Some defining might be in order. To quote from An A-Z of ELT, “If a prescriptive grammar is about how people should speak, a descriptive one is about how people do speak”. Thus, a prescriptivist will argue that taller than me is wrong, and that, for various abstruse reasons, it should be taller than I. A descriptive grammar would simply state (as does the Longman Grammar of Spoken and Written English, Biber, et al. 1999, p. 336) that, after as and than, “both nominative and accusative forms occur”, and that the accusative forms (e.g. taller than me) “are predominant…especially in conversation”. So, while prescriptivism is about opinions, descriptivism claims to be about facts.
Why do I think that the distinction matters? Well, because a lot of trainees, coming to ELT fresh, tend to associate grammar teaching with the kind of ‘good style guide’ grammar that they got at school. They think grammar teaching is going to be all about not starting sentences with ‘And’ or not ending them with a preposition. They may mistakenly see themselves as part of this tradition – as guardians of the cultural legacy enshrined as ‘proper English’. They may have been indoctrinated into the view that “students should be taught that correct speaking is evidence of culture; and that in order to speak correctly they must master the rules that govern the use of the language” (from an editorial in The Detroit Free Press, 1928, quoted in Fries, 1940).
However, this is not the problem with my students. Quite the opposite. The problem is that they come to associate all rules with prescriptivism. Thus, the rule that “to form the past tense of regular verbs, you add –ed to the base form of the verb” is considered prescriptive – simply because it’s a rule.
But this is to confuse rules-as-regularities with rules-as-regulations. Adding –ed is something we regularly do; saying taller than I is something we don’t do regularly, but which (according to prescriptivists) we ought to. Theirs is an attempt to regulate language use.
There’s an added problem, however, and that is: are student grammars really that descriptive? After all, the so-called pedagogic grammar – which purports to be a sub-set of the rules of descriptive grammar – is by definition selective. It selects some usages and ignores others. And the usages it selects are those that are considered standard – or the norm. But a norm is only a norm because it has been accepted by a speech community as such. It has been validated. What the grammar describes is what the speech community prescribes. As Cameron (1995) argues, “there is no escape from normativity”.
Moreover, in order to obviate the messiness of exceptions, pedagogic grammars tend to be more assertive than they need to be – often at the cost of accuracy. Rather than stating rules, they issue edicts. (Perhaps they should be called ‘pedantic grammars’). So we get:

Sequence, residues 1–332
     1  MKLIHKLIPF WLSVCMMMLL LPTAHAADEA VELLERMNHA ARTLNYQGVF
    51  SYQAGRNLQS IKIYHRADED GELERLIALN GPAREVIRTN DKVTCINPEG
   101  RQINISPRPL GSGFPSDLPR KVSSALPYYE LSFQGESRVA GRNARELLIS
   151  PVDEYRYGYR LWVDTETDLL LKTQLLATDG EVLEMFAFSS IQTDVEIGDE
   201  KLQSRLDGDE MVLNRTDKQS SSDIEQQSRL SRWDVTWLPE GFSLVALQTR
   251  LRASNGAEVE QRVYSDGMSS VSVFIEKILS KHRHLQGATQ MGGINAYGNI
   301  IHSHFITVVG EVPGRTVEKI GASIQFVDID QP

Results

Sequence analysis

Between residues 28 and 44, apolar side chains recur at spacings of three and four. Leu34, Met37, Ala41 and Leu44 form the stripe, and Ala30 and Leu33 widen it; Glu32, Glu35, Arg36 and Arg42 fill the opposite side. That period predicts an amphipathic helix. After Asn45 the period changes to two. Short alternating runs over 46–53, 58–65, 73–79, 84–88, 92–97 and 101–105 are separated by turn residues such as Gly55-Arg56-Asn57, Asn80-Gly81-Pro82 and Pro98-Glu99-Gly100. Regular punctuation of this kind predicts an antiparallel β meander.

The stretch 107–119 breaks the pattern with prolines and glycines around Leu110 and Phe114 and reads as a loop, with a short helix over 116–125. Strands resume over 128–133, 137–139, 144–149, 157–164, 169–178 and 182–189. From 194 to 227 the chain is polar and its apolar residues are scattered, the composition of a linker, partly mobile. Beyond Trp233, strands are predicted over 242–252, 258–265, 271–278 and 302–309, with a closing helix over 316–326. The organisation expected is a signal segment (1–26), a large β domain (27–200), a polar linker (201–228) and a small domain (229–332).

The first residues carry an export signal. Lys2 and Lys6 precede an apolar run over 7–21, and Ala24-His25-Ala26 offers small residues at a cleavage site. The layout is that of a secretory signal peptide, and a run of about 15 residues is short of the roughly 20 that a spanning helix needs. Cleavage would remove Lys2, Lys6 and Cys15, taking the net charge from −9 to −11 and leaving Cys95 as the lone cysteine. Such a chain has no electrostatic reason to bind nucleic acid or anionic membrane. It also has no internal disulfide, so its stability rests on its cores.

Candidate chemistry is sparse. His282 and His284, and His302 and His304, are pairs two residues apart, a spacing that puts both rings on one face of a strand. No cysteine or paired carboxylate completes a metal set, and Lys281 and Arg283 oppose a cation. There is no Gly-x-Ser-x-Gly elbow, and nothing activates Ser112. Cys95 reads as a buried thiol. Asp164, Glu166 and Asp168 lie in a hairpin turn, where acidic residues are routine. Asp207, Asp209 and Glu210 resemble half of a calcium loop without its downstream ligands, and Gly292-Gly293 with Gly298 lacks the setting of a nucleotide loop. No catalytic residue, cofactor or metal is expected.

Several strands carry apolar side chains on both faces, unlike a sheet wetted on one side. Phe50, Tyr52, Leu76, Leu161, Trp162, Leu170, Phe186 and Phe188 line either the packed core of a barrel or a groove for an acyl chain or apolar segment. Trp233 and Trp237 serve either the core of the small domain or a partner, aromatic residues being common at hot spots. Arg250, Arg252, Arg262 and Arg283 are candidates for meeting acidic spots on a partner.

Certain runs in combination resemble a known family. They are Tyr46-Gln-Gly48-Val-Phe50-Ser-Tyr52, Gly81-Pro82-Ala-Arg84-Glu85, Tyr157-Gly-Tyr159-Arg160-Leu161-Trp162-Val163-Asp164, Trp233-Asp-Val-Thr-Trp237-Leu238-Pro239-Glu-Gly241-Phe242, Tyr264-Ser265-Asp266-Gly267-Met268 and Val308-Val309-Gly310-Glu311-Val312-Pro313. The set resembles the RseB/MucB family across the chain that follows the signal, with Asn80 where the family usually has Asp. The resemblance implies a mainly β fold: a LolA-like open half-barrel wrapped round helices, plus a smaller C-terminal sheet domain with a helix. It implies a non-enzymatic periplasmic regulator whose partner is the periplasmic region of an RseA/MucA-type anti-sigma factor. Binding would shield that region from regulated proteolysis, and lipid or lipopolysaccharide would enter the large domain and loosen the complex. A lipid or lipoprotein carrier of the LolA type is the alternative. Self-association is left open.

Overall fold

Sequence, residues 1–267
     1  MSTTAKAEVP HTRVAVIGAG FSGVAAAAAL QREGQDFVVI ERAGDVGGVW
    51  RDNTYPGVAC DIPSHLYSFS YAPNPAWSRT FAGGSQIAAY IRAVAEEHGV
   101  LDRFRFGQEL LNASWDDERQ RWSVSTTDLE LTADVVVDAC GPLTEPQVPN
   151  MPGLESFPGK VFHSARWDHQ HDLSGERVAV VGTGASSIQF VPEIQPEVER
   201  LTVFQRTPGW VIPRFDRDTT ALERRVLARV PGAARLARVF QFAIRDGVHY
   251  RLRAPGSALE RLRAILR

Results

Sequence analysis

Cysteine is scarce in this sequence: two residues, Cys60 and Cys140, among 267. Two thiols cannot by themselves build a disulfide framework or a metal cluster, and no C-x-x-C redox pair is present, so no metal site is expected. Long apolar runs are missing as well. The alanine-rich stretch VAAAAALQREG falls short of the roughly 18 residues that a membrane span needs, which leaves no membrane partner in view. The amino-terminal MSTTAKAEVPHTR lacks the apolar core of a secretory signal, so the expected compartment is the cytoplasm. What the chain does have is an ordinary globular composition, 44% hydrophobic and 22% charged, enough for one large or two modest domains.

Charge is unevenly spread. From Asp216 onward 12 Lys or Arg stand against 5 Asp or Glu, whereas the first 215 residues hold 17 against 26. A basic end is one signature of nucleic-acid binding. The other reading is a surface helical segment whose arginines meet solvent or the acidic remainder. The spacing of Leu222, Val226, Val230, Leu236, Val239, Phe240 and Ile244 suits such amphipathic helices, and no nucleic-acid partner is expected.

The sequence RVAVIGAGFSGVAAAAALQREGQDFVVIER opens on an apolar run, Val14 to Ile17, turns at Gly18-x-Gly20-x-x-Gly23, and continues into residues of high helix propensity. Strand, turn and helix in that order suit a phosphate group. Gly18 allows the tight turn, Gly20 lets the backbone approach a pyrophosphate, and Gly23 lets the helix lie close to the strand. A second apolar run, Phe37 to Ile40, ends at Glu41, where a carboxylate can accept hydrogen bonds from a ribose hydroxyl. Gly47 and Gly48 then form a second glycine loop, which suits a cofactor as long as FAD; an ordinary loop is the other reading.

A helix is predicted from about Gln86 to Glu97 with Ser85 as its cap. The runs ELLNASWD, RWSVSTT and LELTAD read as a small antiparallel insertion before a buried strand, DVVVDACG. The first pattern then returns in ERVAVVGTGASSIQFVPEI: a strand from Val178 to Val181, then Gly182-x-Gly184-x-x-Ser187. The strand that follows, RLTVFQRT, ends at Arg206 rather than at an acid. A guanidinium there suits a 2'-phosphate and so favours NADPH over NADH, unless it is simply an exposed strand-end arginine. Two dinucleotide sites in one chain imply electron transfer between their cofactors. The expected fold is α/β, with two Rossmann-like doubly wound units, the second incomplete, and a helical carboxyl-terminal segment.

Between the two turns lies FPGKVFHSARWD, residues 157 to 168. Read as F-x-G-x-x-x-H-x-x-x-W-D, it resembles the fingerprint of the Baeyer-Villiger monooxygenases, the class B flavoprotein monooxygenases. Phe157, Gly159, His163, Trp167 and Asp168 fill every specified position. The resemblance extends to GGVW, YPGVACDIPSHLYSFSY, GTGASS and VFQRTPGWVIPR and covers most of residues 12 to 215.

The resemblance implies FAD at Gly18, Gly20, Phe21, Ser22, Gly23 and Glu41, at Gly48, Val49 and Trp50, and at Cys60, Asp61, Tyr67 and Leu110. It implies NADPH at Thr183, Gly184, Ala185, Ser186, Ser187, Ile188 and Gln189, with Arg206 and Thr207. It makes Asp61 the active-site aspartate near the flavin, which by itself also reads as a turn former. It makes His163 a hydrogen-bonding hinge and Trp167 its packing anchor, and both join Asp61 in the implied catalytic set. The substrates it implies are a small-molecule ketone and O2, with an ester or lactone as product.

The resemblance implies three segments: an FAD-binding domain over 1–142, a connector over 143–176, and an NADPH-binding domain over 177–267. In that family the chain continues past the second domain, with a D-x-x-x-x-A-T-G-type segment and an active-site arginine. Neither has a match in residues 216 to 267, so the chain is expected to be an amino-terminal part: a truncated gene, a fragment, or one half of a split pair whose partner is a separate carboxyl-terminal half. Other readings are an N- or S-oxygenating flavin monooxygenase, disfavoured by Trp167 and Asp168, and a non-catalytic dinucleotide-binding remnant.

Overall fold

Some verbs are used only in simple tenses. For example, “You cannot say ‘I am knowing’. You can only say I know. (Murphy, 1985, p. 6)
And they use the ‘we’ word a lot, too. So you get:
We can make negative sentences with nobody, nothing… With these words, we do not use not…:
He said nothing. (NOT He didn’t say nothing)
(Swan & Walter, 2001, p. 114).
Who is this we? At times, it starts to sound a little like the royal we. It starts to sound very prescriptive. No wonder my students get confused.
Not just my students – there is a strong sense generally that description = good; prescription = bad. Nevertheless, there is one area of language teaching where most teachers are happy to be prescriptive, and that is vocabulary. We regularly caution students not to use words that are considered offensive or vulgar, even if they are commonly used by native-speakers. Dictionaries do the same. They shamelessly prescribe. And, because of this, they are excellent sources for tracking shifts in cultural values. Consider the two entries (below) from the first edition of the Oxford Advanced Learner’s Dictionary (1948) and the same entries from the 6th edition (2000).
This should serve to remind us that, as Cameron (op. cit) puts it, “we are all of us closet prescriptivists”. As she explains:
I have never met anyone who did not subscribe, in one way or another, to the belief that language can be ‘right’ or ‘wrong’, ‘good’ or ‘bad’, more or less ‘elegant’ or ‘effective’ or ‘appropriate’. Of course, there is massive disagreement about what values to espouse, and how to define them. Yet however people may pick and choose, it is rare to find anyone rejecting altogether the idea that there is some legitimate authority in language’ (p.9).
Biber, D., Johansson, S., Leech, G., Conrad, S., & Finegan, E. 1999. Longman Grammar of Spoken and Written English. Harlow: Longman.
Cameron, D. 1995. Verbal Hygiene. London: Routledge.
Fries, C. C. 1940. American English Grammar. Tokyo: Maruzen.
Murphy, R. 1985. English Grammar in Use. Cambridge: Cambridge University Press.
Swan, M., and Walter, C. 2001. The Good Grammar Book. Oxford: Oxford University Press.